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Pelvic oor ultrasound: a review


Hans Peter Dietz, MD, PhD t has taken more than 2 decades for imaging to develop as a mainstream diagnostic tool in the investigation of female pelvic organ prolapse, urinary and fecal incontinence, and defecation disorders. Physicians have been slow in realizing that clinical assessment alone is a poor tool to assess pelvic oor function and anatomy. Our examination skills are quite simply inadequate, focusing on surface anatomy rather than true structural abnormalities. Because the best procedure in the hands of a highly competent surgeon will be a failure if performed on the wrong patient, it is not at all surprising that recurrence after pelvic reconstructive surgery is common.1 The problem is not poor treatmentit is poor diagnostics. Sonography is an accepted component of any clinical assessment in both obstetrics and in gynecologyso why should it be any different in urogynecology and female urology? Imaging techniques can provide immediate objective conrmation of ndings obtained on examination. In some instances this can lead to markedly enhanced clinical assessment skills. To give just one example: the missing link between vaginal childbirth and prolapse (major levator trauma in the form of avulsion of the anteromedial aspects of the puborectalis muscle off the pelvic sidewall2,3) is palpable, but palpation of levator trauma requires considerable skill and teaching,4-6 preferably with imaging conrmation. Certainly, diagnosis
From the University of Sydney, Nepean Clinical School, Penrith, Australia.
Received Dec. 22, 2008; revised Feb. 9, 2009; accepted Aug. 17, 2009. Reprints: Hans Peter Dietz, MD, PhD, Obstetrics and Gynecology, University of Sydney, Nepean Clinical School, Nepean Hospital, Penrith NSW 2750 Australia. hpdietz@bigpond.com. 0002-9378/$36.00 2010 Published by Mosby, Inc. doi: 10.1016/j.ajog.2009.08.018

Imaging currently plays a limited role in the investigation of pelvic oor disorders. It is obvious that magnetic resonance imaging has limitations in urogynecology and female urology at present due to cost and access limitations and due to the fact that it is generally a static, not a dynamic, method. However, none of those limitations apply to sonography, a diagnostic method that is very much part of general practice in obstetrics and gynecology. Translabial or transperineal ultrasound is helpful in determining residual urine; detrusor wall thickness; bladder neck mobility; urethral integrity; anterior, central, and posterior compartment prolapse; and levator anatomy and function. It is at least equivalent to other imaging methods in visualizing such diverse conditions as urethral diverticula, rectal intussusception, mesh dislodgment, and avulsion of the puborectalis muscle. Ultrasound is the only imaging method able to visualize modern mesh slings and implants and may predict who actually needs such implants. Delivery-related levator trauma is the most important known etiologic factor for pelvic organ prolapse and not difcult to diagnose on 3-/4-dimensional and even on 2-dimensional pelvic oor ultrasound. It is likely that this will be an important driver behind the universal use of this technology. This review gives an overview of the method and its main current uses in clinical assessment and research. Key words: female pelvic organ prolapse, levator ani, pelvic oor, 3-dimensional ultrasound, translabial ultrasound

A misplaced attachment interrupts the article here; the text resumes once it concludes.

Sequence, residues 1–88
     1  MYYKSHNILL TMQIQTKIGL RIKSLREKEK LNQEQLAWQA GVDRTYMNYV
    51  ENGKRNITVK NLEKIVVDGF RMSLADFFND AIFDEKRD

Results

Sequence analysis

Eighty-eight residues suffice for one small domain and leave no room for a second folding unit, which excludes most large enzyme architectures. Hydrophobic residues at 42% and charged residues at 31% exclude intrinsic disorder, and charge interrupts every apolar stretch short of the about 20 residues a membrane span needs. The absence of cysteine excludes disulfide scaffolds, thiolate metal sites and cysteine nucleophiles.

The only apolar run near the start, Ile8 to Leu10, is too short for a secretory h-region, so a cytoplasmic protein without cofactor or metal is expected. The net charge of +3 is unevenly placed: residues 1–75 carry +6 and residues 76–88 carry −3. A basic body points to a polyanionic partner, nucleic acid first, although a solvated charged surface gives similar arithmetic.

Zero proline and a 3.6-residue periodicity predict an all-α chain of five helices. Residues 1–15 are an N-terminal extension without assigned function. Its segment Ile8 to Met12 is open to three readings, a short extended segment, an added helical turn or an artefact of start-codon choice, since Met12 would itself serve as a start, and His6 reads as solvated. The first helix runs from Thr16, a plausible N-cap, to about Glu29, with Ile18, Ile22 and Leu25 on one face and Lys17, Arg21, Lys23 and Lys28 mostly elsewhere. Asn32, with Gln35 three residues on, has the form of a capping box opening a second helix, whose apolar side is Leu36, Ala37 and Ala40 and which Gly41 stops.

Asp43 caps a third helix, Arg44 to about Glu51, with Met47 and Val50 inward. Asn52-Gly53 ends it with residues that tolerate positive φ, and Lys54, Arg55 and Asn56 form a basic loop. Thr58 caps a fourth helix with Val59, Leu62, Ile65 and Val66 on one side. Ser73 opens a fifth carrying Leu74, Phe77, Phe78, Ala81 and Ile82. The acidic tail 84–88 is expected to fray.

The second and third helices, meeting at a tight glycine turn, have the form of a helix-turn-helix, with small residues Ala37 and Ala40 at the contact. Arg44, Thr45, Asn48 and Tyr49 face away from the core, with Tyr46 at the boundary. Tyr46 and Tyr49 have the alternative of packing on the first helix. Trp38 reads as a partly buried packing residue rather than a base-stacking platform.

by imaging is more reproducible than diagnosis by palpation,6 and it is easier to teach. After all, vision is our primary sensory organ. And suspected levator trauma or abnormal distensibility (ballooning) of the hiatus is by no means the only reason to perform pelvic oor imaging (Table).

Standard requirements for basic 2-dimensional (2D) translabial pelvic oor ultrasound include a B-mode capable 2D ultrasound system with cineloop funcTABLE

Indications for pelvic oor ultrasound


Equipment and examination technique This review will be limited to translabial/ transperineal ultrasound, and this is reected in the following comments on equipment and examination technique. However, many clinical questions can be answered just as well by what some investigators call introital ultrasound, a technique that is generally understood to involve the use of front-ring vaginal endoprobes placed in the introitus. Although such probes can provide higher resolutions, there are obvious downsides to their use, especially when it comes to assessing the effect of maneuvers and imaging of the levator ani, and this technique will not be discussed further in this review.